Consider that when a relationship is failing, it’s primarily because you’ve both become polarized in your thinking—which can best be characterized as self-righteous and critical. As a result, much of your respect for each other has atrophied. So can you perceive your partner in a fundamentally different (and far more positive) light? However hurtful or inconsiderate you may feel they’ve been to you, can you see them as essentially well-meaning—that their reactions to you may represent something other than unacceptable flaws in their character? For regaining respect for your partner is pivotal if your relationship is going to have a fresh chance at success. Your self-justifying perceptions of them degraded your respect for them in the first place. So is there a way you could more benignly reperceive their motives, so you might feel less animosity toward—or alienation from—them?
If your partner has hurt you, have they possibly been hurt by you as well? Or if they’ve been insensitive to your needs, have you really tried everything possible to explain such a shortcoming to them, and in a tactful way that could truly increase their awareness? That is, if out of frustration you turned on them critically, they may likely have gone into defensive, self-protective mode, and so not been able to get at a primal, visceral level how much pain their insensitivity caused you.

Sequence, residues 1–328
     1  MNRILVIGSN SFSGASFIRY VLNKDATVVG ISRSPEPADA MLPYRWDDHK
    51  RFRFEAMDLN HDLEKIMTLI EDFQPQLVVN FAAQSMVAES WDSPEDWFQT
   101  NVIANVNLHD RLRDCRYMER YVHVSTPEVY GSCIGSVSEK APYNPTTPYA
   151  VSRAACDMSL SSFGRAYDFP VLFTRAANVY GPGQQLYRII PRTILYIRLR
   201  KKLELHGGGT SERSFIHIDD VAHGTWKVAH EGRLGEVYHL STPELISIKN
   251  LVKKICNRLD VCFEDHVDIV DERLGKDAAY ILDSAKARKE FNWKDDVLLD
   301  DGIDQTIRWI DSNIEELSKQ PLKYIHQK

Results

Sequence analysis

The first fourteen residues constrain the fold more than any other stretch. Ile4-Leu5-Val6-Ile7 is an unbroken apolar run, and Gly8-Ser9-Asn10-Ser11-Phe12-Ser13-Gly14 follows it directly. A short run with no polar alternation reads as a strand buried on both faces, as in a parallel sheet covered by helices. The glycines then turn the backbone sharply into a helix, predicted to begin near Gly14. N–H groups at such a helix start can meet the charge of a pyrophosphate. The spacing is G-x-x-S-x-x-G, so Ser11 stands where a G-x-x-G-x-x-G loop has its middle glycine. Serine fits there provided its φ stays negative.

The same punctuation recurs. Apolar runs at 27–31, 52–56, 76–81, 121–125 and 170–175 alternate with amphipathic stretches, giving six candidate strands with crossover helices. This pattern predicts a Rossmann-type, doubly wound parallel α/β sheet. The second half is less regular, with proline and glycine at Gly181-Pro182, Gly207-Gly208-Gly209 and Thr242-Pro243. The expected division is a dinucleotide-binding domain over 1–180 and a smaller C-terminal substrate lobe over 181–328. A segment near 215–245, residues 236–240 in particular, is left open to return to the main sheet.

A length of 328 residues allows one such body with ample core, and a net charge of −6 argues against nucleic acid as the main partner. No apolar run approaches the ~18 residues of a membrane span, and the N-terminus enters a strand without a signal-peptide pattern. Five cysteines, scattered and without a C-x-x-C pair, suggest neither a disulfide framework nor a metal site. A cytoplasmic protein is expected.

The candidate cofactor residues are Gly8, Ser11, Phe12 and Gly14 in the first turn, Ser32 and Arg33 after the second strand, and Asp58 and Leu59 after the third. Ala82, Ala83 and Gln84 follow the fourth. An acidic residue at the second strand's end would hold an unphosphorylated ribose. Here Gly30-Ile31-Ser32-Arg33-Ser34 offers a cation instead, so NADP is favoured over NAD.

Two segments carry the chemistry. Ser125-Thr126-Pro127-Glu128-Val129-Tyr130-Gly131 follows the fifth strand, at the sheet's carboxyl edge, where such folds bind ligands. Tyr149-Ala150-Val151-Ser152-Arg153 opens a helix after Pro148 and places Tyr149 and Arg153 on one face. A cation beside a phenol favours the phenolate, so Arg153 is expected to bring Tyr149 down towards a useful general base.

Additionally, if they have “unfinished business” from childhood, is it possible they’ve unknowingly “dumped” on you old, unmet dependency needs—incapable of appreciating that their expectations were excessive or unreasonable? Might you be able to broach the subject of their burdensome overdependency without enmity or rancor, even though it made you feel unfairly taken advantage of?
Plus, if they’ve been manipulative with you, might you consider that such “scheming” may in the past have been unwittingly rewarded by their parents, who were either too harsh with, or neglectful of, them? In other words, if you’ve seen them as exploitively “using” you, might there yet be a certain innocence in all their calculating behavior? If in growing up their underhandedness was actually adaptive, how much ought they to be blamed for it? For they may simply have become “programmed” to manipulate as the best possible strategy to get their (completely legitimate) childhood wants and needs met: Not because they’re—by nature—shrewd and duplicitous but because, deep down, they were unfortunately conditioned to act this way.
As I like to put it with the people I work with, our brains can be understood as biocomputers. And so not only can they be programmed to act in a particular way but, potentially, they can be both deprogrammed and reprogrammed. True, sometimes such “software redesign” can happen only through professional assistance. Still, if you’re able to discuss with your partner (i.e., with compassion and understanding) their no-longer-adaptive programming, such a dialog could be a major step toward their reconsidering—and altering—behavior that really hasn’t served either one of you.